I embrace my bourgeois life

I love to read other travellers’ adventures because I like to travel and to know about new places. I also like writing so I keep a blog. Three, actually: one is Spanish, one in English and one (in English) about the restaurants we liked in our travels. My friends enjoy my posts and encourage me to keep writing.

But when I compare my posts with other travellers, couchsurfers and backpackers, I feel they’re rather mundane; there’s nothing exotic in them and I feel I’m in a lesser league. I submitted one of my posts to a weekly competition and it didn’t even pass the first round. I lost to posts about things like teaching orphaned elephants to read and write in the jungles of Gobi. OK, that’s not true or even possible but that’s the idea. I don’t go to exotic places, I’ve never met Buddhist monks or tamed a tiger, but that’s OK because that’s not who I am.

I’m not a traveller, I’m a tourist (although I try to mingle with the locals as much as I can). What’s the difference, anyway?

I don’t couchsurf because I’m too shy and too squeamish to sleep in a stranger’s bed (and use their bathroom). Is that a bad thing? I don’t go backpacking for pretty much the same reasons. But I don’t need luxury and 1000 thread count Egyptian cotton sheets: a clean (private) bog is enough for me.

We travel quite a lot because of my hubby’s job and we tend to stay in the same city for a few months at a time. I go out and “explore” whichever city we’re in and then we do fun things together at the weekends, but that’s about it. It’s not exactly watching the sun rise over Mt. Kilimanjaro!

Anyway, unless his next destination is some remote island in the South Pacific, I’ll keep enjoying other people’s adventures and blogging from less adventure-laden places like, oh, Dallas, Toronto or Buenos Aires.

Advertisements

Published by

Ana

Hi, I'm Ana. I'm originally from Argentina but I'm currently living in Dallas (USA) with my British husband. I'd like to share my experiences as an expat and as a traveller.

12 thoughts on “I embrace my bourgeois life”

  1. The funny thing is though…i think your blogs are just as exciting as someone who is backpacking India because even during those times you document the ordinary you do so in a way that makes it extra-ordinary

    Like

  2. ha-ha, ana, i feel the same way. we actually have a friend that is just that kind of traveller, don’t we….WEEZY. always on exotic trips, so i live vicariously through her. so i see you point!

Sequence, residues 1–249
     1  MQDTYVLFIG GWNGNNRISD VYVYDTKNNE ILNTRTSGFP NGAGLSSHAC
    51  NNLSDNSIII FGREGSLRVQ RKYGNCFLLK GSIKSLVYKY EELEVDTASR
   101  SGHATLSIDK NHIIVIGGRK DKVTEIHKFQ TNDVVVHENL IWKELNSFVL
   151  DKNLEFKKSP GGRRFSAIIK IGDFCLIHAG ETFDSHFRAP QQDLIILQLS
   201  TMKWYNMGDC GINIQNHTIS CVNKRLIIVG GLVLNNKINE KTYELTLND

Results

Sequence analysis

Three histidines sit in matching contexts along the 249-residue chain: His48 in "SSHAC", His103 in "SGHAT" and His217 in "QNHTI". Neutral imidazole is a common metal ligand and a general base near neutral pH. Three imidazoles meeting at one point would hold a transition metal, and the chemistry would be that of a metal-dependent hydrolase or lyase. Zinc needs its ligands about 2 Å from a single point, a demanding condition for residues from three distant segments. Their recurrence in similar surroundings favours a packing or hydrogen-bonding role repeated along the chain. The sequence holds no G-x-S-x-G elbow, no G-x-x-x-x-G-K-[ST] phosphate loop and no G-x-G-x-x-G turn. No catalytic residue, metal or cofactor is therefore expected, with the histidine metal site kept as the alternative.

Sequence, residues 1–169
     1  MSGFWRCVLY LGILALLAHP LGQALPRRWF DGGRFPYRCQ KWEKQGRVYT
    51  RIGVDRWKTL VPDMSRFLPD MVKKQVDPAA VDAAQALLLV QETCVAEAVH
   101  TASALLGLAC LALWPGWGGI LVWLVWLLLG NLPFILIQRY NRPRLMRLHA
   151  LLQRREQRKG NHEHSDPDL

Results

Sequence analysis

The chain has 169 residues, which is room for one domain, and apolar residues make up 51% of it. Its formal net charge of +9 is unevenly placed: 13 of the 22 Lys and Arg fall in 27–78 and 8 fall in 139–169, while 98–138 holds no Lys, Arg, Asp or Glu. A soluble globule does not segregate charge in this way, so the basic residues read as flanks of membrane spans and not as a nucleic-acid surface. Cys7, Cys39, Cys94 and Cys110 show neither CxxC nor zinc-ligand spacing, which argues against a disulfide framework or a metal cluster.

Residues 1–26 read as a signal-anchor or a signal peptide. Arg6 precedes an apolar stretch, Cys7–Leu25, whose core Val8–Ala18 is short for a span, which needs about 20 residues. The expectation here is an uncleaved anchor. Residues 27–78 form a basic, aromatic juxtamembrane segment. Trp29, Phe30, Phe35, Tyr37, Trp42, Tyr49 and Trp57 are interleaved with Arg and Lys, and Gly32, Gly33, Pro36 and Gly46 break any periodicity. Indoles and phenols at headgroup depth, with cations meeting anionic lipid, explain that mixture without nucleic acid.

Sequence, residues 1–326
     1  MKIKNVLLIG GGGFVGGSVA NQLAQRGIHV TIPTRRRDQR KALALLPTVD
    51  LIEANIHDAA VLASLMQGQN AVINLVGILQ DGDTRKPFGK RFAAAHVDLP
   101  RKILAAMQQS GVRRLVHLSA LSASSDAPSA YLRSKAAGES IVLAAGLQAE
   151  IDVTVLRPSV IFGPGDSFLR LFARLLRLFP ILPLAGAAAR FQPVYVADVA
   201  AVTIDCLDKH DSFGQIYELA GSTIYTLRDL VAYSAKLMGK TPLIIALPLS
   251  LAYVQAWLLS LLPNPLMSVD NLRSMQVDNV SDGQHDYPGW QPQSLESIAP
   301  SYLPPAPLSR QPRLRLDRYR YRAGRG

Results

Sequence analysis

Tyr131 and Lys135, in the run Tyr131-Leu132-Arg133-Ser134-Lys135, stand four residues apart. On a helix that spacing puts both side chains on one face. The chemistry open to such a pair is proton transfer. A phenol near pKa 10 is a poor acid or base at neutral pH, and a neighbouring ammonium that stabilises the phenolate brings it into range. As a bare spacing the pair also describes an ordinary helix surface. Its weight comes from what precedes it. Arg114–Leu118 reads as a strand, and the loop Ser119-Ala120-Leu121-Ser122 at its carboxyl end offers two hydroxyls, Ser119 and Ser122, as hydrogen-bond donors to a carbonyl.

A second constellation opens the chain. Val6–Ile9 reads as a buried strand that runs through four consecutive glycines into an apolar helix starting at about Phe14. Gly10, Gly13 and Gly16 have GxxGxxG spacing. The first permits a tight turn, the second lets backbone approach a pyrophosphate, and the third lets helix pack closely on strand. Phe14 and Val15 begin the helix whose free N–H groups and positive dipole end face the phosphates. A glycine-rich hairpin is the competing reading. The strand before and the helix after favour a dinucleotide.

i love reading your blogs though, so keep it up.
    =)

    Like

  3. I love reading your blogs. You have the advantage of staying in one location for a while and get to see everything. There are a lot of us who don’t want to couch surf or backpack through jungles. I am just as interested in finding out if fries with poutine are actually good (more really) than finding out if scorpions on a stick are a tasty treat.

    Like

  4. ¡Hola! Hey, places like Dallas, Toronto or Buenos Aires sound very exotic… In fact, Buenos Aires, for example, is one of those places I’ve always wanted to visit! And, no, I ‘ve never had an Argentinian boyfriend, ha, ha! I’d love to know more about those cities. There’s a time for mosquitoes and a time for a cup of cappuccino 🙂

    Like

  5. Marta, I’ll be in BA as from next week and I’ll make sure I dedicate my posts to you 🙂 . Thanks for your comment.
    PS: I prefer cappuccinos to mosquitoes! haha!

    Like

  6. I, for one, am far more impressed by someone who can captivate me with his or her description of the everyday. It’s easy to pull people in with tales of exotic adventures; the stories almost write themselves. Yet, if you can make the simple or even ho-hum aspects of life come alive, if you allow me to see common situations in a different light – well, that to me is good writing. Resist the urge to compare yourself to others. After all, people read your blogs because they like your style, so don’t be afraid to show who you are. 🙂

    Like

  7. Sounds a bit like me. Couchsurfing does not appeal to me. Strapping a giant backpack to my back does not appeal to me. I guess I interchange traveler and tourist. I don’t really make distinctions but so many use “traveler” to show their worldliness. I think those stories more about the simpler aspects to travel are more interesting than ones that show how amazing their adventures were.

    Like

  8. Hi Ana… I’ve just started reading your posts and they’ve pulled me in. So often, I go to a new blog and read only one post. I’ve been reading yours for the past hour and really need to stop because I’ve got work to do 🙂 I love the topics you choose and the photos you post. I feel like you show parts of the place that you couldn’t find in a guidebook or a travel magazine that has to shock us. It’s more authentic.

    Like

Would you like to share your thoughts on this post?

Fill in your details below or click an icon to log in:

WordPress.com Logo

You are commenting using your WordPress.com account. Log Out / Change )

Twitter picture

You are commenting using your Twitter account. Log Out / Change )

Facebook photo

You are commenting using your Facebook account. Log Out / Change )

Google+ photo

You are commenting using your Google+ account. Log Out / Change )

Connecting to %s